Patron-Client Relations within the context of a Kyrgyz community, Kyrgyzstan


My specific focus is to understand the central characteristics of patron-client relations within the Kyrgyz context, especially the varieties of patron-client relations, their degree, boundaries, the circumstances under which they emerge, their consequences and their significance.
Patron-client relations prevail on almost all levels of Kyrgyz society and they develop in many concrete forms and play different roles within different institutional contexts (Eisenstadt and Roniger, 1984:162). As a result, social interaction should be considered from various perspectives. In this research I intend to examine the functions of patron-client relations in the community’s economic, social and political spheres because each of these spheres put different demands on survival strategies.
In the economic sphere I will concentrate on the interaction of patrons and clients within the framework of trade, business and the market in the village as well as between population centres in order to understand the local meaning of contract transactions and examine the process of these negotiations. This relationship is based purely on cost-benefit calculations. However, culturally bound relationships such as the respect with which wealthy patrons are treated still prevail as traditionally rooted patterns of Kyrgyz behaviour.

In the social sphere, rural social life will be linked to wider institutional frameworks, such as state agencies, social institutions (hospital, universities, banks and police). Due to extensive bureaucracy, the networks of patron-client relationships intertwine with the whole of these social institutions. In other words, it has reached the point where ‘it created a complicated system of direct and indirect mutual exchanges and obligations’ (Tartowski, 1983:506).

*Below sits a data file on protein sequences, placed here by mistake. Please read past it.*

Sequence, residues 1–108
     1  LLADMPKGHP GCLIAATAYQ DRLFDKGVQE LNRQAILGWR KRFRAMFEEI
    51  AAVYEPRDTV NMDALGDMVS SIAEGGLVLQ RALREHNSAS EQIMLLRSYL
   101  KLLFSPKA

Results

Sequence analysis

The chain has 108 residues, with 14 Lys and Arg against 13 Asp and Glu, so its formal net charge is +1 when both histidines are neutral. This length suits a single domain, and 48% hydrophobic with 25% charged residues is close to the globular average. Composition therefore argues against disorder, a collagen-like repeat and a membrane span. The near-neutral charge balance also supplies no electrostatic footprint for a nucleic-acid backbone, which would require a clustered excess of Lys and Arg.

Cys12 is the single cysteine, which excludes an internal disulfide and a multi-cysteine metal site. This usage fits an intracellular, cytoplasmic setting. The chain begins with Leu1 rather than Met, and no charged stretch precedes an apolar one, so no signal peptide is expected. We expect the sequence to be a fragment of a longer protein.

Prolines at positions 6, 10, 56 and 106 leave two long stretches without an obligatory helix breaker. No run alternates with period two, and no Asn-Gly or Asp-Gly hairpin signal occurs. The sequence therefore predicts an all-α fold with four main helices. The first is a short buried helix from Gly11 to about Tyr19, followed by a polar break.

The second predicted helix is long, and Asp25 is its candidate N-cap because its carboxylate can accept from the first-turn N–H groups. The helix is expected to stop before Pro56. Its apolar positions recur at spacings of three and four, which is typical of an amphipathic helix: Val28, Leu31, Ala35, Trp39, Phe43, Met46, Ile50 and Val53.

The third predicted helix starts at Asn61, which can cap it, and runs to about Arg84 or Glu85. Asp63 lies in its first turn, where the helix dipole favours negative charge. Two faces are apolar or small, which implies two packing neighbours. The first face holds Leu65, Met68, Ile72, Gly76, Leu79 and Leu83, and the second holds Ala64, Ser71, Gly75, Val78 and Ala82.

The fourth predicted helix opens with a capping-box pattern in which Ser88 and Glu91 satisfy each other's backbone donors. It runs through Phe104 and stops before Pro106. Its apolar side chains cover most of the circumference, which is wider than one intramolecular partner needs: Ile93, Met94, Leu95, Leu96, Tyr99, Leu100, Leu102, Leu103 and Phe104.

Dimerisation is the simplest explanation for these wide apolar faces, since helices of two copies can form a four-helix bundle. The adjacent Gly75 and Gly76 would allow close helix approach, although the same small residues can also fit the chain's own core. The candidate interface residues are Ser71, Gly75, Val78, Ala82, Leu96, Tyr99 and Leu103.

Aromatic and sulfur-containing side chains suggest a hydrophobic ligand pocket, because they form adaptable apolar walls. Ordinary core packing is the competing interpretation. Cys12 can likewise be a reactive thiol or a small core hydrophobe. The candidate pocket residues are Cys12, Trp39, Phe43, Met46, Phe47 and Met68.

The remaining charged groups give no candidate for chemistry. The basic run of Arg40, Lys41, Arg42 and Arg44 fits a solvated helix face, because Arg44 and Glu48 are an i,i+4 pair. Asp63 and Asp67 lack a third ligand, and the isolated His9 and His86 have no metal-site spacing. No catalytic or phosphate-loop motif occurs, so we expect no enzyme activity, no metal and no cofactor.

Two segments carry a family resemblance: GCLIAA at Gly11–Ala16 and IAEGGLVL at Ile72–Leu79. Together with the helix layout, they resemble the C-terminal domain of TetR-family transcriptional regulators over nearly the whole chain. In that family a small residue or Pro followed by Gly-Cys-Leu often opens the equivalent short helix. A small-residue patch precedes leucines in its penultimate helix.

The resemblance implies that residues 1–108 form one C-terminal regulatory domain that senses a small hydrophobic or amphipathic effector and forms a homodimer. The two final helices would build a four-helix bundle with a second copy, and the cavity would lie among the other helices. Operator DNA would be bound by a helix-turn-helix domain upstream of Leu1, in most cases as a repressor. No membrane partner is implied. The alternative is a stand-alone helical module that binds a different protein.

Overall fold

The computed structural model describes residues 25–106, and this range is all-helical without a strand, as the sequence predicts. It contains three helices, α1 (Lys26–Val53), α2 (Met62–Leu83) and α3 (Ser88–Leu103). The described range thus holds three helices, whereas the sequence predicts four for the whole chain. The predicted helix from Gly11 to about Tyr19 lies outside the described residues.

In the political sphere, I will look at the relationships between the local people and the head of the village - its central political representative - and other political elites. The head of the village is a mediator between the local people and the elites from outside the village, an organiser of meetings and social gatherings. He is the one who can mitigate interpersonal conflicts by equally distributing land, appropriately regulating water and arranging meetings with important elites. He thereby increases his own political influence among the villagers. Nevertheless, the head of the village is a client himself to higher-level patrons in the rayon and oblast administration.
At this stage, in drawing a preliminary framework of ‘patron-clients relations’ in three spheres, the research project is still very broad. However, depending on the findings, I will narrow down it. In addition to the study of patron-client relations, ‘network’ and ‘reciprocity’ between ‘patron’ and ‘client’ will be taken into consideration. I will also try to link concepts such as corruption, morality and contract to patron-client relations.
Support institutions in Kyrgyzstan include informal social networks such as patronage, connections, neighbourhood and workplace kinship and friendship relations. Informal social networks are bound together by interpersonal trust and play a most profound role in the exchange of goods and services. By identifying the various forms of interpersonal relations, it will be possible to examine the various coping strategies. Therefore, for this project it is crucial to describe and analyse exchange and reciprocity (Sahlin 1972; Polanyi 1944; Blau, 1964; Homans, 1961) and various forms of social networking (Boissevain, 1974; Schweizter and White, 1998; Mitchell, 1974) as survival strategies in response to the ‘market economy’.
For this project, I will try to take into consideration all the various types of networks and all forms of ‘help’ within these networks. By comparing several networks, I will be able to understand the distinctiveness of patron-client relationships. My task is to take into consideration symmetrical and asymmetrical relations; sameness and difference; degrees of overlap and complementary relationships between the activities of the partners.

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